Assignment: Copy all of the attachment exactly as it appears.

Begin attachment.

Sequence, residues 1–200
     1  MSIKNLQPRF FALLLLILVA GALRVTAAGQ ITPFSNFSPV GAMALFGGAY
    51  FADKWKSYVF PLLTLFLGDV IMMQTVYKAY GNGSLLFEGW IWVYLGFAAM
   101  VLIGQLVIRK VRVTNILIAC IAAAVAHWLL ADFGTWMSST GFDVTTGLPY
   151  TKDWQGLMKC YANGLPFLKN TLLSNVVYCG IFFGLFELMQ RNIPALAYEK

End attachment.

Sequence, residues 1–200
     1  MSIKNLQPRF FALLLLILVA GALRVTAAGQ ITPFSNFSPV GAMALFGGAY
    51  FADKWKSYVF PLLTLFLGDV IMMQTVYKAY GNGSLLFEGW IWVYLGFAAM
   101  VLIGQLVIRK VRVTNILIAC IAAAVAHWLL ADFGTWMSST GFDVTTGLPY
   151  TKDWQGLMKC YANGLPFLKN TLLSNVVYCG IFFGLFELMQ RNIPALAYEK